Also, comparing the ALI’s reconstructed image (\nth1 row \nth2 column, \nth6 row \nth3 column) and the FDEN’s reconstructed image (\nth1 row \nth3 column, \nth3 row \nth5 column), we can observe that they are very similar. This shows that FDEN can indeed be plugged into a pre-trained network without reducing its performance on its original downstream task (additional hi-resolution results are available on the Supplementary).

Few-shot Learning

Omniglot Mini-ImageNet
5-way 20-way 5-way
1-shot 5-shot 1-shot 1-shot 5-shot
[46] 98.1% 98.9% 93.8% 43.5% 55.3%
[44] 98.8% 99.7% 96.0% 49.4% 68.2%
FDENe 91.1% 99.0% 90.7% 49.4% 61.4%
MLP 80.3% 89.8% 65.2% 26.3% 37.2%
FDENf 88.3% 95.4% 82.6% 43.9% 48.6%
Table 1: -way -shot learning accuracy. FDENf is FDEN trained with fixed pre-trained network and FDENe is FDEN trained end-to-end with pre-trained network. MLP is the baseline experiment with MLP classifier using only representation z.

There have been several approaches on evaluating a representation, most notably the disentanglement scores [33]. However, these metrics either measure the performance of each unit of a representation vector in relation to its attribute classification performance or its ability to maximize the mutual information, which essentially is not applicable to our work. Thus, we chose few-shot learning performance as an alternative metric on evaluating how much the factors are independent from each other.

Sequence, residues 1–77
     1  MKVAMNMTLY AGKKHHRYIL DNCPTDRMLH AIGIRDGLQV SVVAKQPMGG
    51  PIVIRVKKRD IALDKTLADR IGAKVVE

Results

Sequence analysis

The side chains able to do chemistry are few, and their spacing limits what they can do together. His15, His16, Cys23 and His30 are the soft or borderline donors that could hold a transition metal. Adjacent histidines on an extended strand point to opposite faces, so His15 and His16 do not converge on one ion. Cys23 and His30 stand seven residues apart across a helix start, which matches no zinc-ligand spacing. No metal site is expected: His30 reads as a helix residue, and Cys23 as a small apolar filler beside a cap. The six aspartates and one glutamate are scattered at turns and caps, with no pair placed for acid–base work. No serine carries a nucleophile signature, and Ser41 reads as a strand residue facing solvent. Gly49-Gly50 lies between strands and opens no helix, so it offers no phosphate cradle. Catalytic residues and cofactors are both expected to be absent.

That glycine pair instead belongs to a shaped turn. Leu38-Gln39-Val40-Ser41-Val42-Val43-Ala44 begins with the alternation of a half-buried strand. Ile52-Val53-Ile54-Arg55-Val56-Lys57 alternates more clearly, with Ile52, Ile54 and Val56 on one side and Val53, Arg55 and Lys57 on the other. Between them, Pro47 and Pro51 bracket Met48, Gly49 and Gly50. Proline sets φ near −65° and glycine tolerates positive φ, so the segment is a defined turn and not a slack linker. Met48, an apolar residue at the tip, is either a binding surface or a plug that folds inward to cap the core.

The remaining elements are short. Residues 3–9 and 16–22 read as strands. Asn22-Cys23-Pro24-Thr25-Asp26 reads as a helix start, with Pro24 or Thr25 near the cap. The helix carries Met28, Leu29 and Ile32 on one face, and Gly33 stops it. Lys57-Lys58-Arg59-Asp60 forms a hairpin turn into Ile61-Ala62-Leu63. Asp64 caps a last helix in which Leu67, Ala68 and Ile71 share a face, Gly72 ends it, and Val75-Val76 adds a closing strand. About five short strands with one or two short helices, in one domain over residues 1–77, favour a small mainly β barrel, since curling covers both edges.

For this experiment, the Alignment Network exploits an episodic learning scheme that is suitable for few-shot learning environment. Each episode consists of randomly sampled unique classes, support samples per class, and a query sample from one of the classes. Given support samples, the goal of few-shot learning is to predict which of unique classes does the query sample belong to. In few-shot learning literature, these setup is generally called the -way, -shot learning.

Here, we formally define the settings of episodic learning similar to that of [46]. First, we define episode as the distribution over all possible labels , where a label set contains batches of randomly chosen unique classes. Then, we define as the support set with data-label pairs , and as the batches of a single data-label pair. The objective of episodic learning is to match query data-label pair with support data-label pair with the same label. Thus, we formulate the objective function of episodic learning as following:

(9)

where is the cross entropy objective function between predictions   and ground truths y.

We evaluate FDEN on few-shot learning to show that the decomposed identity factor is successful in containing the identity information of the observed data. Thus, we validate our results on two different domains of data with varying complexity, Omniglot and Mini-ImageNet, and compare our results with works that exploit episodic learning scheme ([46, 44], Table 1). One property of FDEN is that it only learns to exploit the latent space. In other words, FDEN does not have any information on the input data except for a pre-trained model’s representation of it. Thus, our baseline (denoted as MLP) for this experiment is few-shot learning performance using only the representation z with a MLP classifier with same structure as FDEN’s Alignment Network. We have shown our results with pre-trained network fixed (denoted as FDENf) and end-to-end learning by fine tuning both FDEN and the pre-trained network (denoted as FDENe). Note that we used the same weights for both image-to-image translation experiments in subsection 5.3.1 and few-shot learning experiments. We evaluate our results on 1,000 episodes with unseen samples for all experiments.